Health 2.0 Code-a-thon Recap

By PokitDok Team,

It’s Health 2.0 week - and what a great way to start with a Codeathon on Saturday and Sunday. Seven talented teams took on the important challenge of finding a way to develop easy-to-use tools to help seniors better understand and engage with their healthcare and the associated costs. Over the course of 24 hours, teams scrambled to design an application, implement the sponsored APIs (including PokitDok’s Pharmacy APIs), and create a prototype that would hopefully impress the judges. Prize money from sponsors and Health 2.0 would be their reward.

Our very own Mallory Nelson, Pharmacy Systems Analyst, kicked off the weekend off with a presentation of PokitDok’s APIs to the Health 2.0 Codeathon participants. Mallory was actually a competitor at last year’s Codeathon and shortly thereafter, as a result of meeting PokitDok at the event, she came to work with us. Over the course of the weekend, many participants stopped by our area, eager to learn about our Pharmacy APIs and how they could be used to enhance their prototype.

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At the end of the competition, some amazing ideas were presented. Two different teams showed off tools utilizing the Amazon Echo voice command interface, Alexa, making healthcare information available from an application without relying on a visual layout - very helpful for visually impaired seniors or for those who aren’t technologically savvy. One of the solutions presented included simple conversational commands yielding information about drug costs and coverage, as well as out-of-pocket cost projections. Other teams tried familiar formats like text notifications as reminders for medications or created applications aimed at caregivers or other supporting players, like providers, within a patient’s sphere of influence.

Many of the coders said they learned a lot by trying to solve these problems - especially in such a short time period. It was great to watch them think through the challenge topic - evolving from asking relatively simple questions like “what’s a formulary” and “what’s a tier,” to actually building applications to help seniors with complex issues like The Donut Hole (a topic we’ve covered on our blog).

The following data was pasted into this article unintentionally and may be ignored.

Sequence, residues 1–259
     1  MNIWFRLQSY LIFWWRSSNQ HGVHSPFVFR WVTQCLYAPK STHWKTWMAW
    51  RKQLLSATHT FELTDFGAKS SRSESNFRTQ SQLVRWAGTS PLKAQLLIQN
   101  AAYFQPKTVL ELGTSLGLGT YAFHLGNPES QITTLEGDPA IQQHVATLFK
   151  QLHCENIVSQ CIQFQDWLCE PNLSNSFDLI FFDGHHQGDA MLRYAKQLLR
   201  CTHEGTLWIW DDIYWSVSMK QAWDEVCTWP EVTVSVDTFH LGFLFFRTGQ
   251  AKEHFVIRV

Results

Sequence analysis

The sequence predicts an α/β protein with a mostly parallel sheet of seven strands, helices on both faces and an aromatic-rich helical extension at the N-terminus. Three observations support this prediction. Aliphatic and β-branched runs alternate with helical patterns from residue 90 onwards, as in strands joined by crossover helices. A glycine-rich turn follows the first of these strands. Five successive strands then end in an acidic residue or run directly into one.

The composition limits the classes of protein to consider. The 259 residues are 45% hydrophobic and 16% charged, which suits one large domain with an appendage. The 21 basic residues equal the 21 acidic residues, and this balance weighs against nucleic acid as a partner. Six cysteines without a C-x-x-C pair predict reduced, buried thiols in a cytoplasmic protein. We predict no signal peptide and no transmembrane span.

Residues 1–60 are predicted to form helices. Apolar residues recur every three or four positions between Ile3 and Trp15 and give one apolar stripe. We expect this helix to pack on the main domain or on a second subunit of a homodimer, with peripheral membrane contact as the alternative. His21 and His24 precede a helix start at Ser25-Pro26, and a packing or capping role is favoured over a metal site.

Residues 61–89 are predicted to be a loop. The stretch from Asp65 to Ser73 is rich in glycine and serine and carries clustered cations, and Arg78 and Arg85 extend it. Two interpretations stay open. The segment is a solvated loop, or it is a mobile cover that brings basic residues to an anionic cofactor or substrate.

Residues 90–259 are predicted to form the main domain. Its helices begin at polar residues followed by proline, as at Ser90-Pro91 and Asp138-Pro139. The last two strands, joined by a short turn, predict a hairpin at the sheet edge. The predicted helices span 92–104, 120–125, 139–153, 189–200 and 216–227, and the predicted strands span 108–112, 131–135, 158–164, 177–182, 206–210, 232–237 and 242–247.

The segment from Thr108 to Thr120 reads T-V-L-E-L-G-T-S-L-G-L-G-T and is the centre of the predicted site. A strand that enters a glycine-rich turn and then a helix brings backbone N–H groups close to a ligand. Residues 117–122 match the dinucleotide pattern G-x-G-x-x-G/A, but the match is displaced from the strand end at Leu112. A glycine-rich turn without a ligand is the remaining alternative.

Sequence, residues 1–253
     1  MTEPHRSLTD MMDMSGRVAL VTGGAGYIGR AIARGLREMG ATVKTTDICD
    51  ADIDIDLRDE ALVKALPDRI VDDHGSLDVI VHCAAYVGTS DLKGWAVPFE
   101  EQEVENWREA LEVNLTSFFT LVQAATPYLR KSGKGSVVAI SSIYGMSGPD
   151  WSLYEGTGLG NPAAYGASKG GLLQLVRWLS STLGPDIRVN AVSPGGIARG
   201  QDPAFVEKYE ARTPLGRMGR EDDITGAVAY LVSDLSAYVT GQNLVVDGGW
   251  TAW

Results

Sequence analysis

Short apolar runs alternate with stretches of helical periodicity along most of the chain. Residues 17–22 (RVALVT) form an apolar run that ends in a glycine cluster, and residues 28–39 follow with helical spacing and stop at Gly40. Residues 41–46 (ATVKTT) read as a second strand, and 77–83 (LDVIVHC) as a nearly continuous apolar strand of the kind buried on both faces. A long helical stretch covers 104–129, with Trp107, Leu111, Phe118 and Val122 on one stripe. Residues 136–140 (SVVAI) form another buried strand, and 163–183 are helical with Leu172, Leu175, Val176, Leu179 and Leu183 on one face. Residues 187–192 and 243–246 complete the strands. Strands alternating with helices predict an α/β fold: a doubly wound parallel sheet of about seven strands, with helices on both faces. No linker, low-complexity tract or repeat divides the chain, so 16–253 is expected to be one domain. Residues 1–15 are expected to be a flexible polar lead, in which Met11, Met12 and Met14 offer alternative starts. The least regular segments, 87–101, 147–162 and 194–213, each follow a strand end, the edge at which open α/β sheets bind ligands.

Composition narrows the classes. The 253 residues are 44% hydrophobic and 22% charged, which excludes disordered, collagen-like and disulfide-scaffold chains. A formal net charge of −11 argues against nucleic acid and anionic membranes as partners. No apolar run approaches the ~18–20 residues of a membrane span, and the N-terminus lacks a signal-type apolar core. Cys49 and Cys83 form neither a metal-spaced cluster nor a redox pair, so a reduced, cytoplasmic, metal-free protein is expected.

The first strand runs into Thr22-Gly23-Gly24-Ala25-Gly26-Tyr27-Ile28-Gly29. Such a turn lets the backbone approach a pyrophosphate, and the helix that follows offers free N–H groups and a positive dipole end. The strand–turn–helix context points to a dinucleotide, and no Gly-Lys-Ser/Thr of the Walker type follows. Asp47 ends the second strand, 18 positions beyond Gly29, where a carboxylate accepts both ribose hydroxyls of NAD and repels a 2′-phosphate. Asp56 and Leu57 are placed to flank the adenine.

Dr. Aenor Sawyer, a surgeon and clinical professor at UCSF, observed in her closing remarks that the medical community believes the best outcomes are gained by informed, activated patients. These teams proved, once again, that tools to empower these patients can be created, very quickly and relatively easily.

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The teams did outstanding work. By using our APIs, they created products that do much to improve the patient experience in health. By increasing transparency and consumer understanding of pharmaceutical healthcare information, it will be easier for people to be able to control costs, use benefits, and have meaningful, actionable conversations with providers.

 

Congrats to everyone who participated in this year’s Health 2.0 SF Codeathon and a special shout out to the winners:

Team Senectus - Overall winner

Product description: Team Senectus created a solution that was able to onboard a patient to receive information on their prescriptions, then educate that patient on topics like drug interactions and costs so that the patient can have meaningful, trust-building conversations with their medical providers about the medication options available to them for their condition. They had, in our opinion, the best model to incorporate all three sponsors’ APIs into a single product, and as a result, were selected overall winner. See image below of their API workflow, and a picture of the team with Dr. Sawyer.

 

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Team Hedge - PokitDok winner

Product description: Team Hedge made a solution that provides educational information about prescriptions to seniors driven by both PokitDok and First Databank APIs to incorporate the potential financial impact of a service for a patient along with their descriptions, side effects, and refill schedule.  They used a two-pronged approach, for their solution, that involved Optical Character Recognition (OCR) to read a picture of a drug label from a mobile phone, and also used an Amazon Echo voice interface (Alexa) to allow patients to easily understand their medication information.

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We look forward to next year’s competition - perhaps we’ll see you there!

The opinions expressed in this blog are of the authors and not of PokitDok's. The posts on this blog are for information only, and are not intended to substitute for a doctor-patient or other healthcare professional-patient relationship nor do they constitute medical or healthcare advice.

  Tags: API, Dev

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